Study of Thin Liquid Film Drainage and Interaction Forces in Organic Solvent for Liquid/Solid and Liquid/Liquid Interactions Using Dynamic Force Apparatus (DFA)

  • Author / Creator
    Ivanova, Nina Olegovna
  • Properties of thin liquid films between two approaching droplets or between a droplet and a solid surface are critical for emulsion stability and for mineral flotation. If the thin liquid film is stable, no coalescence occurs, while an unstable film will lead to rupture and coalescence or the formation of a three-phase contact line. While many studies have been conducted on the drainage of thin liquid films in aqueous media using techniques such as the Surface Force Apparatus (SFA) or Atomic Force Microscopy (AFM), fewer have been undertaken in organic media. Hydrodynamic effects, while important in many practical applications, are neglected in most studies by limiting approach speeds to low Reynolds numbers. This thesis focuses on understanding thin film behaviour and surface forces involved in the interaction of water/water and water/solid in “clean” and “contaminated” organic systems.

    A Dynamic Force Apparatus (DFA), which allows for simultaneous measurement of interfacial film thickness, drainage time and interaction forces at precisely controlled approach velocities, was used to study the interactions of a water drop with solid surfaces or between two water drops in organic liquids. For the “clean” system, two types of organic solvents were used: toluene and n-heptane (with and without water saturation). In the case of n-heptane, a very fast film rupture occurred for fully water-wettable hydrophilic silica and mica, with a very long-range attractive force observed (in the mm range), capable of deforming the interacting water droplet(s) prior to contact. It was shown that increasing substrate n-heptane immersion time, droplet salt concentration, approach velocity and pH decreased the observed long-range force and droplet elongation, with the opposite effect (increased attractive force, drop elongation) observed for water-saturated n heptane; high pH was found to increase drop elongation for drop/drop interactions. In the case of toluene, sapphire or all hydrophobized substrates, no elongation of droplet(s) or long-range force was observed.

    For the “contaminated system”, the fundamental behaviour of thin organic liquid films (containing the asphaltene model compound C5PeC11) between a droplet and solid surface was elucidated using a temperature-controlled DFA cell. A water droplet in 0.1 g/L C5PeC11-in-toluene solution was driven towards a silica surface of varying wettability (contact angles of 0° and 107°) at two different droplet approach velocities (0.1, 1 mm/s) and temperatures (22°C, 40°C). The observed spatiotemporal thin film drainage dynamics and interaction force agreed well with the prediction of the Stokes-Reynolds-Young-Laplace (SRYL) theoretical model. Rupture of thin liquid films between a water droplet and silica surfaces was observed, with moving three phase contact line and strong attachment for hydrophilic silica and minor, local attachment and an easily detachable water drop for hydrophobic silica. Increasing the approach velocity of water droplets towards solid surfaces resulted in a larger dimple and longer film lifetime. Interestingly, higher temperature led to a faster film rupture for hydrophilic silica, in line with industrially observed improvements in bitumen production for the removal of water-in-oil emulsions at higher temperatures during froth treatment.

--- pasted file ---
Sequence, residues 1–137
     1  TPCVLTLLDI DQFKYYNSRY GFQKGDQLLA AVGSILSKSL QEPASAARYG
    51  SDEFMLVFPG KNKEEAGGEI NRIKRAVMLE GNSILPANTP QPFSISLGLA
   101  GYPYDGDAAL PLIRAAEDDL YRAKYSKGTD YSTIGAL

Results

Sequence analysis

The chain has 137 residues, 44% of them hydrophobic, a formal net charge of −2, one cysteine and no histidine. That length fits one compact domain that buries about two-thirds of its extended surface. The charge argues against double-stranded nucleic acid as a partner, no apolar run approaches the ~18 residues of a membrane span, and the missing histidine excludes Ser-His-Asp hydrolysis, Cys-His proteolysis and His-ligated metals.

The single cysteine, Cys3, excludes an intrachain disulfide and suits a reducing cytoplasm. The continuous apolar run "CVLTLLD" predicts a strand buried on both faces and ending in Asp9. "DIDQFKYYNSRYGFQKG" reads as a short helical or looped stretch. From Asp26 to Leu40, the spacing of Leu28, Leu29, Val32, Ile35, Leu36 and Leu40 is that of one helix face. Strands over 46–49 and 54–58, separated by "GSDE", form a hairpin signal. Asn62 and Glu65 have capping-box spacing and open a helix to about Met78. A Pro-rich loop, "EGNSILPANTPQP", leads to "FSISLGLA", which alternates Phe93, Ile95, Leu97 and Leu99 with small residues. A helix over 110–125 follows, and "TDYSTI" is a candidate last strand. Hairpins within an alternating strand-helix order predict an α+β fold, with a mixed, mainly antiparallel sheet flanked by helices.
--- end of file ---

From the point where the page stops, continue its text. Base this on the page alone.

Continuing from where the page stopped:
The major contributions to science of this thesis are the detection of a novel, extra long-range attractive force in a “clean” n-heptane system observed between water/(silica or mica) and water/water that cannot be described by current DLVO theory. The DFA was used to quantify the effect of salt concentration, pH, approach velocity, solvent immersion time and solvent water saturation on the extra long-range attractive force in the “clean” n-heptane system. The interaction forces and thin film drainage were also explored for other “clean” systems where no such long-range force was observed, namely hydrophobized surfaces and sapphire. Finally, in the “contaminated” system, the effect of velocity, wettability and temperature were elucidated for a water droplet driven toward a silica surface in a dilute C5PeC11/toluene solution, with the results in good agreement with the SRYL theoretical model.

  • Subjects / Keywords
  • Graduation date
    Fall 2021
  • Type of Item
  • Degree
    Doctor of Philosophy
  • DOI
  • License
    This thesis is made available by the University of Alberta Libraries with permission of the copyright owner solely for non-commercial purposes. This thesis, or any portion thereof, may not otherwise be copied or reproduced without the written consent of the copyright owner, except to the extent permitted by Canadian copyright law.